The Downside of E-Learning, and How Eyal Edry, Moshe Edree, and Rafi Edry Are Empowering Israel’s Neglected Youth

By  //  December 13, 2021

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The COVID-19 pandemic has made it mandatory for every industry to prioritize digital transformation. The education sector isn’t an exception. As nationwide lockdowns forced schools, colleges, and universities to shut down, educational institutions quickly responded by adopting online teaching methodologies.

The Rise of Online Learning

Despite the abrupt start, online learning has proved to be beneficial for students and teachers alike. It’s helped teachers stay connected with students to resolve their queries and strengthen their understanding of different subjects.

Also, children can enjoy the flexibility of learning at their pace from any location of their choice. Online learning is supposed to enhance productivity and retention in students.

Many countries, including Israel, have been promoting the online education initiatives undertaken by their governments. But they’ve completely ignored the fact that the very basis of e-learning relies on equal internet access for all.

While children in developed countries and affluent households have access to smartphones, computers, and the internet, the same isn’t true for those who live below the poverty line.

Children in impoverished households lack access to basic resources, such as clothing and school supplies. Attending online classes is only a distant dream for them.

The situation is particularly grim in Israel, where 2 million people are still reeling under the strains of poverty. Nearly a third of the country’s children live below the poverty line, with no access to the e-learning infrastructure.

While the Israeli government earns praise for its educational endeavors, the plight of students in the social and geographical periphery paints a different picture. The Ahinoam Association, headed by Eyal Edry, Moshe Edree, and Rafi Edry, has stepped in as a silver lining for these children and adolescents.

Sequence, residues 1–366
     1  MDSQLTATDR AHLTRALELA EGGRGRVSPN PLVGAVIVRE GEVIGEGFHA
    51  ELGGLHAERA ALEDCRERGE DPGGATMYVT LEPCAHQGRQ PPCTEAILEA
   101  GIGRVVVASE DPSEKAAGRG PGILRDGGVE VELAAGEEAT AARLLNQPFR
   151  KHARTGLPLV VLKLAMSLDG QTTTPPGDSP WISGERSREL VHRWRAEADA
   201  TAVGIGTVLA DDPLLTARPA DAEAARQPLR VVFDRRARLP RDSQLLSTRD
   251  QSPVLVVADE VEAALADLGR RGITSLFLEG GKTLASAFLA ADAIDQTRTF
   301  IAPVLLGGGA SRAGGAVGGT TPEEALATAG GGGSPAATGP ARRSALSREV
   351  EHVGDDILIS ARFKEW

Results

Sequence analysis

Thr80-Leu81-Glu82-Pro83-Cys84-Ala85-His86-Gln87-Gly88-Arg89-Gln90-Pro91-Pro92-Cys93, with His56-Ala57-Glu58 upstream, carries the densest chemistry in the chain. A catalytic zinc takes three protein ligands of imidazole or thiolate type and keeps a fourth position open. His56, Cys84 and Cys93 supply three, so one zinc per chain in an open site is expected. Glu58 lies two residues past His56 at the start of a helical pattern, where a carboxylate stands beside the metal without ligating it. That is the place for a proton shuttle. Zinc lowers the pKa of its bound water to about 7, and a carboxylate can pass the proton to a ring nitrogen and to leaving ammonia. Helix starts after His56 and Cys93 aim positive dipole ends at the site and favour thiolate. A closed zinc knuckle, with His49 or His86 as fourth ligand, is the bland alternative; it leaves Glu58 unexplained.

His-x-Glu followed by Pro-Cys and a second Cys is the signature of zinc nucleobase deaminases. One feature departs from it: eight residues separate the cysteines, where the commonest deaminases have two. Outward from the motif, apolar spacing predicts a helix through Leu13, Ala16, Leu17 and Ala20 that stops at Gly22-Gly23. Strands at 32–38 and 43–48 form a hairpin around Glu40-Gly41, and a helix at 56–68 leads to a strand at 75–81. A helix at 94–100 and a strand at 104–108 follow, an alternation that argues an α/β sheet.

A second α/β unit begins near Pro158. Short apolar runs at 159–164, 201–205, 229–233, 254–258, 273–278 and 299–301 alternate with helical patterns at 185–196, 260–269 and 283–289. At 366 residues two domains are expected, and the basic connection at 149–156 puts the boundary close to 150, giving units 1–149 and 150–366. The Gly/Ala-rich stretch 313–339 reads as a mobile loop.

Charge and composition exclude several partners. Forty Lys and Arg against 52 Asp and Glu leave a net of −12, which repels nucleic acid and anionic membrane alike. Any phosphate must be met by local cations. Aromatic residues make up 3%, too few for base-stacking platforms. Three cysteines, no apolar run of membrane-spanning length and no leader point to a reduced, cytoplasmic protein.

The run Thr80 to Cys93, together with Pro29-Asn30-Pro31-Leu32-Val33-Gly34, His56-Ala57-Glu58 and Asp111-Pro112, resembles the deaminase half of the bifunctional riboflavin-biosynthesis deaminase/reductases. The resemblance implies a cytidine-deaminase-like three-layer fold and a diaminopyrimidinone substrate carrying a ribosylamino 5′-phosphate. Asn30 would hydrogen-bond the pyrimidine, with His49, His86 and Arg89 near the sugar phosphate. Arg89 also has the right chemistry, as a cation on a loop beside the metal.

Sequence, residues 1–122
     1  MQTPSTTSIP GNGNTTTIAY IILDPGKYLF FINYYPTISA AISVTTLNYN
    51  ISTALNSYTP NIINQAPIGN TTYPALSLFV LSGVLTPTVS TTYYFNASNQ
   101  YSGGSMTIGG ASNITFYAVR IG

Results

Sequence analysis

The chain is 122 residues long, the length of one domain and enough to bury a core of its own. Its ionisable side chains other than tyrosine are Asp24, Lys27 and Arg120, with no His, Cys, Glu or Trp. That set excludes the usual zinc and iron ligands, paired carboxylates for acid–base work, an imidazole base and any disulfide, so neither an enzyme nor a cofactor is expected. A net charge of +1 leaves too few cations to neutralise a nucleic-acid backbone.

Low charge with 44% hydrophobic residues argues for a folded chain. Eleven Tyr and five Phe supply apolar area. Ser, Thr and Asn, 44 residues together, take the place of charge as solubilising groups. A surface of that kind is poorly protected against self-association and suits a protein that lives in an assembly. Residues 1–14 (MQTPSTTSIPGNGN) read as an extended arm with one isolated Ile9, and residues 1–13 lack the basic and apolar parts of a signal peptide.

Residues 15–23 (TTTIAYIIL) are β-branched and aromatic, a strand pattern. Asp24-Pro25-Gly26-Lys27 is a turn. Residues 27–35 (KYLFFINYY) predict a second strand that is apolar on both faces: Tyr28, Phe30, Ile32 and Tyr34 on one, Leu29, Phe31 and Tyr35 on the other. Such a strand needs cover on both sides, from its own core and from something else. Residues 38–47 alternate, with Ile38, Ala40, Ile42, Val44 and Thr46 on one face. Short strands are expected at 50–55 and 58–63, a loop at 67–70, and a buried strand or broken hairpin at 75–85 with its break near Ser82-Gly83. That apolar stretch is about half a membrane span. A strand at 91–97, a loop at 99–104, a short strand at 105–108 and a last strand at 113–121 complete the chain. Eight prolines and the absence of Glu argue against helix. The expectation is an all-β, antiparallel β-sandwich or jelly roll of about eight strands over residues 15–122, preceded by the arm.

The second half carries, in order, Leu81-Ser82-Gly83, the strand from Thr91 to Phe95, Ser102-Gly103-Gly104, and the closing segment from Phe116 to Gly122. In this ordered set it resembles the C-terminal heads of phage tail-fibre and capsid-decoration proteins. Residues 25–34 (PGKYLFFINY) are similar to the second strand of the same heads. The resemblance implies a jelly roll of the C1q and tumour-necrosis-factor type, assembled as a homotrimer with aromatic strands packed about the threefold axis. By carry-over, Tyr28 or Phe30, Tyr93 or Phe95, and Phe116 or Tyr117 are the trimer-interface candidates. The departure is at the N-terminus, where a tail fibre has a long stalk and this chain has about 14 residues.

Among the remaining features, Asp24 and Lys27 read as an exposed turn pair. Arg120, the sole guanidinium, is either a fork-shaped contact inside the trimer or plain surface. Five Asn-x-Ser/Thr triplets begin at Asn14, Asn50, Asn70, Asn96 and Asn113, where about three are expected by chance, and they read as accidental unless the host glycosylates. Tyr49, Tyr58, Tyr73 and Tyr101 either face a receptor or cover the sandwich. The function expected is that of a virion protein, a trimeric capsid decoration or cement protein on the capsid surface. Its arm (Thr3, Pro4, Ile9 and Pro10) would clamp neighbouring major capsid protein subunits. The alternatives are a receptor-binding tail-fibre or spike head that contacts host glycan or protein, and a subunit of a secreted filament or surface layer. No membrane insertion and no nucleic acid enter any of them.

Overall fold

Living (and Learning) in the Fringes

When one thinks of Israel, it brings to mind the images of the country’s fast-growing socioeconomic center. What we fail to realize is that there’s an Israel beyond the hub of commercial activity and tech innovation.

The Israeli periphery is home to millions of children for whom survival is an ongoing battle. A majority of them don’t own smartphones or laptops. Nor do they have high-speed internet at home.

What they do have is the willingness to learn and build a better life. The government’s complete disregard for these students is depriving them of the future they deserve.

In the absence of proper resources, these children are likely to accumulate irreparable learning gaps. Many of them might lose interest in formal education, and consider dropping out to earn a living.

This, in turn, will deprive them of a normal childhood and adolescence. They’ll miss out on opportunities to interact with their peers and develop strong social skills. These children will grow up with the belief that the government failed them. They’ll always question their self-worth, and perceive themselves as misfits in society.

It could turn out to be the biggest threat to Israel’s social resilience.

Refael Edry, Moshe Edree, and Eyal Edry’s Fundraising Initiative

The Ahinoam Association for the Promotion of Equal Opportunities was established in 2018 by Eyal Edry and his brother, Refael and Moshe Edree. The organization has developed various programs for the upliftment of children and at-risk youth living in Israel’s social and geographical periphery.

Having faced financial hardships in their childhood, Eyal Edry, Refael Edry, and Moshe Edree relate to the predicament of these children. So, when the pandemic exposed the growing digital divide between Israel’s center and periphery, they were compelled to take action.

The Edry brothers quickly launched a fundraising campaign through the Ahinoam Association. The initiative urged affluent families, entrepreneurs, and businesses to help children in the periphery continue their education.

The campaign kicked off on a positive note as Moshe Edree and his older brothers successfully provided computers to more than 30,000 children. As of this writing, the initiative has helped thousands of students regain access to education, and achieve a semblance of normalcy in their lives.

The Road Ahead

Despite the success of the fundraising initiative, Eyal Edry remains skeptical about the future of welfare agencies and non-profit organizations in Israel. That’s because pandemic-driven economic slowdowns have affected commercial activity in the country. It translates into reduced donations and funding for social services.

Eyal Edry, Moshe Edree, and Refael Edry reckon that enhancing tax credit for such donations could encourage more people to support non-profit organizations. Also, they believe that the government should delegate the responsibility of implementing social initiatives to such organizations.

The government, welfare agencies, and successful businesses must join hands to support and uplift the Israeli youth for a brighter tomorrow.